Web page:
As has been noted previously, steroids have different effects on cerebral blood flow, oxygen consumption, and brain excitability (6). There is a great number of specific research to understand the secondary effects of these drugs on monoamine levels. It is showed that psychiatric implications are caused by increase in dopamine levels exerted by high levels of steroids. On the other hand, steroids have a linkage with decreased peripheral and central serotonin secretions (7). Serotonergic afferent neurons are direct inhibitors of dopamine release at dopaminergic axons (8). Both these correlations may also have implications with regard to possible prophylaxis of steroid psychosis (9).
Wada et al. (10) identified 15 patients with mood disorder and 3 patients with psychotic disorder among 2069 patients who were referred from other departments. All three patients initially showed typical schizophrenic symptoms such as persecutory delusions, auditory hallucinations, and disorganized behaviours. This research showed that steroids tended to induce mood disorder and at a lower incidence, psychotic disorder. Steroids can affect various mental functions, including mood, cognition, and thought, and can induce different psychiatric syndromes based on the patient’s vulnerability. An interesting feature of our case is that he had anxiety-depression symptoms at the beginning and then developed full-blown psychosis.
Psychiatric disorders usually occur early in the course of steroid therapy. Median time to the onset of psychiatric symptoms is 3-4 days (2). Besides, a case of a 75-year-old woman who developed paranoid delusions, visual and auditory hallucinations within 2 days after the steroid injection was reported in the literature (11). This situation was similar to that of our patient. The sudden onset of psychosis should lead the physician to look for another possible underlying psychiatric or non-psychiatric disorder as a cause. For this reason, comprehensive medical, physical, and psychiatric assessments were completed, but no evidence of any other psychiatric or non-psychiatric condition was detected, except from steroid-induced psychotic disorder in our patient. However up to now, the authors could not explain why the patients were very sensitive to steroids only at the initial stage of the treatment. We suppose that it may be related to some unknown mechanisms of adaptation or desensitization.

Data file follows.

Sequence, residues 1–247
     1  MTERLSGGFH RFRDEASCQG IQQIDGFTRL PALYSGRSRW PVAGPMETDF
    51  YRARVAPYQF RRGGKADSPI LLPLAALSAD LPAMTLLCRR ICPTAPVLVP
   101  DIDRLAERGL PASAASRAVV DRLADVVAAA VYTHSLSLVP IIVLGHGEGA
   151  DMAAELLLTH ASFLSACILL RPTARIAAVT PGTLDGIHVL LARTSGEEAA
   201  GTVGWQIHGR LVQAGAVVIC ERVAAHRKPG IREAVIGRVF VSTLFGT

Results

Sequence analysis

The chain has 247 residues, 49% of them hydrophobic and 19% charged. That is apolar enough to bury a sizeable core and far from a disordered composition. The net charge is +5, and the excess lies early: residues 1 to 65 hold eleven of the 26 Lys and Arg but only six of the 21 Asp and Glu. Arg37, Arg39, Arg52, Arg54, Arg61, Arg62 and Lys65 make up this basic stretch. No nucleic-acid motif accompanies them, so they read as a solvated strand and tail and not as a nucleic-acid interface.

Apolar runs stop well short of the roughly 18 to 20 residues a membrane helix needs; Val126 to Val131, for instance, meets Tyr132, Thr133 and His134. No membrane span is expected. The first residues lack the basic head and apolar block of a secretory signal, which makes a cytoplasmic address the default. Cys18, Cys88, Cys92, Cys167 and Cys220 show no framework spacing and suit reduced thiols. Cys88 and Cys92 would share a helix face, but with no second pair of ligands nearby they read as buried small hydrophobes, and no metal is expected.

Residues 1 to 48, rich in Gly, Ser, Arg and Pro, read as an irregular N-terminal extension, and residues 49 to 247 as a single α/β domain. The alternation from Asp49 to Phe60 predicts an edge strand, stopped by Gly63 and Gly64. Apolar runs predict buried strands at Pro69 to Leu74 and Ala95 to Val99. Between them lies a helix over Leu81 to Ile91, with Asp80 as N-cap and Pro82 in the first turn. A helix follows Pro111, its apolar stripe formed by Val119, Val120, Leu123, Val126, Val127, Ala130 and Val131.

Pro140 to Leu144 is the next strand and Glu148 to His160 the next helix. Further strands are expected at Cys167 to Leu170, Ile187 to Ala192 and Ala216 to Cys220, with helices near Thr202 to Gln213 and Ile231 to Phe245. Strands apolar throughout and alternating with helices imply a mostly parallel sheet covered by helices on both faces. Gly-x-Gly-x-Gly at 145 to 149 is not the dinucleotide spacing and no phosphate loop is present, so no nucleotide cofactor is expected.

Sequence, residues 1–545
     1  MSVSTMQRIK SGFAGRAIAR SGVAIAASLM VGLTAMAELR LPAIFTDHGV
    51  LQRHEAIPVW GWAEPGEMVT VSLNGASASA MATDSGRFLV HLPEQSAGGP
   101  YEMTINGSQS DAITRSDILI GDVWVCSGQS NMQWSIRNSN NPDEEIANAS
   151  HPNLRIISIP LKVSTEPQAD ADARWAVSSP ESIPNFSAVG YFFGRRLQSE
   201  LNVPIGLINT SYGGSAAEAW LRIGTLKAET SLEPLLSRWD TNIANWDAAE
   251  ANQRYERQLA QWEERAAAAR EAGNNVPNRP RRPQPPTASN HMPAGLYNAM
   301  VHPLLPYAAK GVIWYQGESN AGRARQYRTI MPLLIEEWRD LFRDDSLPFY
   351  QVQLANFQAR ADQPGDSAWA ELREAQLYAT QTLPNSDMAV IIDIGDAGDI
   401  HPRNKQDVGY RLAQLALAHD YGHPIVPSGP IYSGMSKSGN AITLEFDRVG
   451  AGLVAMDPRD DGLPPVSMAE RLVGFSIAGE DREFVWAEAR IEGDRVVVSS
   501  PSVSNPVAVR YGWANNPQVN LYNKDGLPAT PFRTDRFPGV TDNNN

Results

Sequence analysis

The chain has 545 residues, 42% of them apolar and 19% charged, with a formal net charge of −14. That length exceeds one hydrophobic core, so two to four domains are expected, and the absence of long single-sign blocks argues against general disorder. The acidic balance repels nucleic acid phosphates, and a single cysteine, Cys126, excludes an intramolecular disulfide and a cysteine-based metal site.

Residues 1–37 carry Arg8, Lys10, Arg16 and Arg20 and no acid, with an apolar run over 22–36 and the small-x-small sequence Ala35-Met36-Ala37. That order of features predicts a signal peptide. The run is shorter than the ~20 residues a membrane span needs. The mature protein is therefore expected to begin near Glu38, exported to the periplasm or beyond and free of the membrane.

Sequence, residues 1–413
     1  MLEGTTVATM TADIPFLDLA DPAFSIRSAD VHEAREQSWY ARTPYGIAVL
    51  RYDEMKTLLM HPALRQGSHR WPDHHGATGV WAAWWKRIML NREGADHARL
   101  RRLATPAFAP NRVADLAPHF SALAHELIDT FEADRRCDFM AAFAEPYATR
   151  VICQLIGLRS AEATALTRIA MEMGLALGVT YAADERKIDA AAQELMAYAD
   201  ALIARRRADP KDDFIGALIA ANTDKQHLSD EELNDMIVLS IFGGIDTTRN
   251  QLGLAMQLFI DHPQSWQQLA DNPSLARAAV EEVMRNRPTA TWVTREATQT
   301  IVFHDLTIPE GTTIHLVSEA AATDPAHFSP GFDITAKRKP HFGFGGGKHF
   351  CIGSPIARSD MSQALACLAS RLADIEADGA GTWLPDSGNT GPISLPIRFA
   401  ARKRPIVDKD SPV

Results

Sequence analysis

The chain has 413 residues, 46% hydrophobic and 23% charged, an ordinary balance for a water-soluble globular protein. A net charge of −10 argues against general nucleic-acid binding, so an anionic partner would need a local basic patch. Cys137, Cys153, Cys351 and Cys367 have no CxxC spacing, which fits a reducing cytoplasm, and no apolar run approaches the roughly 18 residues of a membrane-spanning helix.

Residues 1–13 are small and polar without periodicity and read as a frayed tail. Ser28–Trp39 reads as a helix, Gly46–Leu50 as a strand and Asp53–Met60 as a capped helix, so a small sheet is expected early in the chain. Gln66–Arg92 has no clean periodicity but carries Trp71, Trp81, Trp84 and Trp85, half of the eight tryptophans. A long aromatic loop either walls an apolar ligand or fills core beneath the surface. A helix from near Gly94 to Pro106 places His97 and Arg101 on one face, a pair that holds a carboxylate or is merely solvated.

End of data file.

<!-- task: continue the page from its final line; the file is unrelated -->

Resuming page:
There is a statistically significant increase in the incidence of psychiatric disorders with increasing daily doses of steroid. The average daily dose of steroids for patients who developed psychosis was 59.5 mg/day of prednisone or equivalent as compared with 31.1 mg/day for patients who did not develop adverse psychiatric effects (4). The incidence seems to be even higher at mega doses of methylprednisone. These results also confirm our patient’s condition who takes high-dose methylprednisolone treatment and rapidly developed a psychotic episode.
Minimal data were found on the treatment of steroid-induced psychiatric disorders. The first-line treatment should begin with dose reduction and discontinuation. In some patients this has not proven adequate in reversal of symptoms, as happened in our case. In cases with severe psychiatric symptoms, antipsychotic therapy should be initiated. The treatment of steroid-induced psychosis has not been well studied. Because of the previously mentioned effects of steroids on serotonin level, it is interesting that a selective serotonin reuptake inhibitor has been used as a therapeutic agent in one case. Beshay and Pumariega (7) reported successful use of sertraline in the treatment of a 12-year-old boy who presented with psychosis and depression following high-dose prednisone treatment. Anecdotal data suggest that tricyclic antidepressants can lead to a significant worsening of psychiatric symptoms. Hall et al. (12) found that tricyclic antidepressants were associated with increased agitation and psychosis in 4 patients using steroid therapy. Patten and Neutel (3) suggested that some of the cases described by Hall et al. as worsening with tricyclic antidepressants treatment of the steroid psychosis might be occurrence of a worsening delirium aggravated by the anticholinergic effects of such drugs. So, antidepressants should probably be avoided as first-line treatment for mood symptoms likely secondary to steroids. If an antidepressant is used, physicians should prefer prescribing a selective serotonin reuptake inhibitor rather than a tricyclic agent.
Goggans et al. (13) described a case in which lithium may have prevented a relapse of prednisone-related psychosis in a patient who required steroid therapy for severe pulmonary disease. The efficiency of valproate as a prophylactic agent against steroid-induced psychosis has also been documented (14). Although mood stabilizers such as lithium and valproate appear to be effective, carbamazepine should probably be avoided as this medication induces the metabolism of some steroids, potentially lowering plasma levels of them and increasing the symptoms of the underlying disease process (15).
Steroid-induced psychosis has also been successfully treated with typical and newer atypical antipsychotic agents like risperidone (16). Kramer and Cottingham (17) have reported a case who developed psychosis after taking high-dose (24 mg/day) dexamethasone for acute lymphoblastic leukaemia intensification regimen and treated with risperidone successfully. In addition, we also reviewed the Turkish literature on this subject. Similarly, both typical (18,19) and atypical antipsychotics (20,21) have been used to treat steroid psychosis cases successfully. Hergüner et al. (21) reported a 12-year-old case of steroid-induced psychotic disorder who was treated with risperidone successfully and in whom the antipsychotic therapy was maintained because of continuation of her steroid treatment for nephrotic syndrome. According to this case report, risperidone also proved to be an easily tolerable and effective antipsychotic drug in prophylaxis of steroid psychosis.